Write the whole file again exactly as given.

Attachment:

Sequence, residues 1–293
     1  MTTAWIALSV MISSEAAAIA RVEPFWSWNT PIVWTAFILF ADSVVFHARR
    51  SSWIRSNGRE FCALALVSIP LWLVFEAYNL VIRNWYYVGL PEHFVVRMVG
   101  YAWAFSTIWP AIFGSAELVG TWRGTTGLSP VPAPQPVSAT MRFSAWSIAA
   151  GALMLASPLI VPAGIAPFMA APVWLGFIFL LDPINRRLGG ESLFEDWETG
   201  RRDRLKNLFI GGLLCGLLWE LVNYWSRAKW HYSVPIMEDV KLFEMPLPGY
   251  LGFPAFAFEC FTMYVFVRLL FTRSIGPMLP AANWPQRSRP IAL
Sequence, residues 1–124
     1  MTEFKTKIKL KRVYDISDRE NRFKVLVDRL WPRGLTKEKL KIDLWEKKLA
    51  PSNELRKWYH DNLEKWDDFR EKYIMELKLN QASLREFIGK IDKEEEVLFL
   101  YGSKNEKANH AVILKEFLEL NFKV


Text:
Sequence, residues 1–293
     1  MTTAWIALSV MISSEAAAIA RVEPFWSWNT PIVWTAFILF ADSVVFHARR
    51  SSWIRSNGRE FCALALVSIP LWLVFEAYNL VIRNWYYVGL PEHFVVRMVG
   101  YAWAFSTIWP AIFGSAELVG TWRGTTGLSP VPAPQPVSAT MRFSAWSIAA
   151  GALMLASPLI VPAGIAPFMA APVWLGFIFL LDPINRRLGG ESLFEDWETG
   201  RRDRLKNLFI GGLLCGLLWE LVNYWSRAKW HYSVPIMEDV KLFEMPLPGY
   251  LGFPAFAFEC FTMYVFVRLL FTRSIGPMLP AANWPQRSRP IAL
Sequence, residues 1–124
     1  MTEFKTKIKL KRVYDISDRE NRFKVLVDRL WPRGLTKEKL KIDLWEKKLA
    51  PSNELRKWYH DNLEKWDDFR EKYIMELKLN QASLREFIGK IDKEEEVLFL
   101  YGSKNEKANH AVILKEFLEL NFKV